The pan-B lymphocyte markers include CD19, CD20, CD79a, and PAX-5 [2, 1719]. Almost all B cell NHLs are positive for CD20. CD20- negative NHLs are rare with a rate of 1–2% of all B cell NHLs [20]. The most common types of these include plasmablastic lymphoma, primary effusion lymphoma, large B-cell lymphoma arising from HHV8-associated multicentric Castleman’s disease, and ALK+ large B cell lymphoma [20, 21].

Plasmablastic lymphoma (PBL) is the most common subtype of CD20 negative DLBCL, accounting for 75% of the cases with a median survival of 12 months [22, 23]. PBL is frequently associated with HIV and/or Epstein-Barr virus (EBV) co-infection. Immunoblastic lymphoma is frequently related and can be difficult to differentiate from PBL.

Primary effusion lymphoma (PEL), as the name suggests, presents as pleural, peritoneal and/or pericardial effusion. It is associated with HIV, EBV, and human herpesvirus 8 (HHV8) co-infection and has a median survival of 9 months [24].

Large B-cell lymphoma arising from HHV8-associated multicentric Castleman disease (MCD) usually presents in the setting of HIV infection. Unlike HHV-8 associated PEL, large B-cell lymphomas arising from MCD frequently has unmutated immunoglobulin IgM and lambda-chain restriction, suggesting an origin from HHV-8- positive plasmablasts [25].

Anaplastic lymphoma kinase (ALK) -positive DLBCL is a very rare type of DLBCL [26]. Unlike ALK+ anaplastic large cell lymphoma which harbors the ALK-NPM fusion gene from t(2;5) translocation with favorable prognosis, ALK+ DLBCL usually has t(2;17) (p23; q23) translocation which leads to a fusion gene of ALK-CLTC [27, 28]. Unlike the common DLBCL, ALK+ DLBCL is usually positive for CD38, CD138, and negative for CD20, CD30, and CD79a [28]. This type of lymphoma has a median survival of 20 months.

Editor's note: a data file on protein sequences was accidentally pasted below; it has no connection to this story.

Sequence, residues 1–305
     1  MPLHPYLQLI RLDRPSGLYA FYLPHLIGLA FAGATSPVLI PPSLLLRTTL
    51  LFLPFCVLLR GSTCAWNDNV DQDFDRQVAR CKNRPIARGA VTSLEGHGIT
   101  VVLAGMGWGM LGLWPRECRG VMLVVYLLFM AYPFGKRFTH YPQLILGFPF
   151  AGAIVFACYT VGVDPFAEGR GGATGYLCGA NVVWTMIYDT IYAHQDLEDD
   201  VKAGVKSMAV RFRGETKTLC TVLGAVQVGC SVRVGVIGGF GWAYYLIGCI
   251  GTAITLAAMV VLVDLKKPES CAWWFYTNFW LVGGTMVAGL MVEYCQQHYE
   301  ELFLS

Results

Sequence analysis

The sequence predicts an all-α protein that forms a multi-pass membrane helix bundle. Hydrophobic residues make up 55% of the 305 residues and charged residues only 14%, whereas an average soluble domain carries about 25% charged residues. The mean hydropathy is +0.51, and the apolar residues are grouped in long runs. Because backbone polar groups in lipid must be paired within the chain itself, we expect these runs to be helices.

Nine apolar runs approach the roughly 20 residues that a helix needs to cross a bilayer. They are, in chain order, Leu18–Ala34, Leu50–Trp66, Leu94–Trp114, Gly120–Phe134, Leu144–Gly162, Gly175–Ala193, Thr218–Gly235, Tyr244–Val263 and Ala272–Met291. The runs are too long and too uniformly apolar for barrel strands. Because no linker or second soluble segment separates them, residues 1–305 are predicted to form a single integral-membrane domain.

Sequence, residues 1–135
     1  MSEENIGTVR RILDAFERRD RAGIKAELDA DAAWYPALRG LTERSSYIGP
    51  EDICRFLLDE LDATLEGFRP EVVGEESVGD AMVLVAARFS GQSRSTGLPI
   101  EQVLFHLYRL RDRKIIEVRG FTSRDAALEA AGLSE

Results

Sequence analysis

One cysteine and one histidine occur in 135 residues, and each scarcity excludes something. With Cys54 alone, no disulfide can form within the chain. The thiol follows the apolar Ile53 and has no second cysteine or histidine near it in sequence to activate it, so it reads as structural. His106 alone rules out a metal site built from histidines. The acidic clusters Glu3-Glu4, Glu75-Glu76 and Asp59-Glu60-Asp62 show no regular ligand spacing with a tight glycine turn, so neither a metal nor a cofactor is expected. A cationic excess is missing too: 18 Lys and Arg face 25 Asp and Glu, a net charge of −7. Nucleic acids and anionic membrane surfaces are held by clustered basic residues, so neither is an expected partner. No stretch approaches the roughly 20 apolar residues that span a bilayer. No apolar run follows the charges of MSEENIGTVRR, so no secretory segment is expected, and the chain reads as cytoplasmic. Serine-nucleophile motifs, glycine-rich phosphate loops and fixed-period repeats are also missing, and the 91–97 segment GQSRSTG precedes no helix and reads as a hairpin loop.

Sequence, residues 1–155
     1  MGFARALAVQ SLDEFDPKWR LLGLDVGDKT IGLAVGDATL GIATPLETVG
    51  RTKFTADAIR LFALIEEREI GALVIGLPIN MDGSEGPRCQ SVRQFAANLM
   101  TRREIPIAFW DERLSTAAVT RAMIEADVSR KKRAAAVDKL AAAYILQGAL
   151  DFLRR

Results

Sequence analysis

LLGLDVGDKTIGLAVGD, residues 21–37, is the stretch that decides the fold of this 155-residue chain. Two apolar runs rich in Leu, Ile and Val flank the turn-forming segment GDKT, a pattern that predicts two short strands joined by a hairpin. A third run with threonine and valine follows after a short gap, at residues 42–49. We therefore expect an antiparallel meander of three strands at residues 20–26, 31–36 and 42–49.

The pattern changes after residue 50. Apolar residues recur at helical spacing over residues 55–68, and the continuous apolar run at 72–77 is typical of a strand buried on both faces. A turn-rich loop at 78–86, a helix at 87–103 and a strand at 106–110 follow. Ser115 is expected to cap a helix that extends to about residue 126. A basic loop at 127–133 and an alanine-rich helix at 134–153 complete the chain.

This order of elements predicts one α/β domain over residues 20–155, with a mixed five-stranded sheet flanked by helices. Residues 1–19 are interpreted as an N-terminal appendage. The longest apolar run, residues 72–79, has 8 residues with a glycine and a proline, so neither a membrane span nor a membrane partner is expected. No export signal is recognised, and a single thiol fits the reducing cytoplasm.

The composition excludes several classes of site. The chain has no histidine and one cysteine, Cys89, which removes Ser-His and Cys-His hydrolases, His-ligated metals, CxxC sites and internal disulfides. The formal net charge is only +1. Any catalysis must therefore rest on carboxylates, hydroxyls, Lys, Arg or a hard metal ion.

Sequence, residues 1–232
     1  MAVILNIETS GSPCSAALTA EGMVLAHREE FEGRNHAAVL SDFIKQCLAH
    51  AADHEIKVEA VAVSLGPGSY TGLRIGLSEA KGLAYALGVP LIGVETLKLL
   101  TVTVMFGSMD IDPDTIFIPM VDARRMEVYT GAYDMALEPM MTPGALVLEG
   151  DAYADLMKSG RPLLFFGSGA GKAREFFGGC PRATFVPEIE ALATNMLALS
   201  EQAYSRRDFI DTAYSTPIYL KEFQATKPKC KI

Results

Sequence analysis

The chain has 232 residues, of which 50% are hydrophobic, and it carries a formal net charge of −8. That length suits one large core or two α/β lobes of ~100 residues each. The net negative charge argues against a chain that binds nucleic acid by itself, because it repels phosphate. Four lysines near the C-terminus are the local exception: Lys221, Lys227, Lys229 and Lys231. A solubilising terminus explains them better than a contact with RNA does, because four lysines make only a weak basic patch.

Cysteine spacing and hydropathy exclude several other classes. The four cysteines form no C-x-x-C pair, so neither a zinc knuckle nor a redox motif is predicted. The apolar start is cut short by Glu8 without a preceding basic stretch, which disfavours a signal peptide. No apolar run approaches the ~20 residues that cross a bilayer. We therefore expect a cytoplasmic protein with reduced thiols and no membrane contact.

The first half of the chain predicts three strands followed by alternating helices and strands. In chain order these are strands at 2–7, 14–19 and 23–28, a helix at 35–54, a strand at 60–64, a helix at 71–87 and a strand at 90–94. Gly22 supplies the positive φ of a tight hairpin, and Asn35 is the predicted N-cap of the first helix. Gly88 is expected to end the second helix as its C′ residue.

In addition to the above rare CD20 negative lymphomas, CD20 positive lymphoma can relapse as CD20 negative lymphoma after CD20 antibody therapy [29].

Diagnosis of CD20 negative NHL

DLBCL is identified by morphology and B cell biomarker analysis by immunohistochemistry and flow cytometry studies. However, CD20 negative DLBCL can pose a diagnostic dilemma. Immunohistochemical detection of CD19, CD79a and PAX-5 are the major biomarkers in establishing the diagnosis of CD20 negative B cell lymphoma. CD5 expression in DLBCL is mostly associated with Richter’s transformation from a low-grade B-cell lymphoma, but has been seen in 5% of de novo DLBCL [30]. Similarly, CD10 expression is seen in both de novo DLBCL as well as in transformed follicular lymphomas [31]. Oct-2, Bob-1, and SOX11 are frequently examined and useful for differential diagnosis and accurate classification of lymphoma diagnosis [32, 33]. Flow cytometric analysis can reveal positivity for CD19, CD79a, CD5 and CD10 in cases of CD20 negative lymphoma.

Molecular analysis using cytogenetics or FISH (fluorescent in-situ hybridization) to detect rearrangements or translocations of Bcl-2, Bcl-6 and MYC is an important part of diagnosis. BCL-2 mutation was found frequently in human B cell lymphomas [34, 35]. Rearrangements or translocations of both BCL-2 and MYC are hallmarks of “double-hit” lymphomas which are typically more resistant to R-CHOP and portent poor prognosis. More intensive chemotherapy regimens and new agents like ibrutinib and lenalidomide appear to improve responses in these double-hit lymphomas [36].

Treatment strategies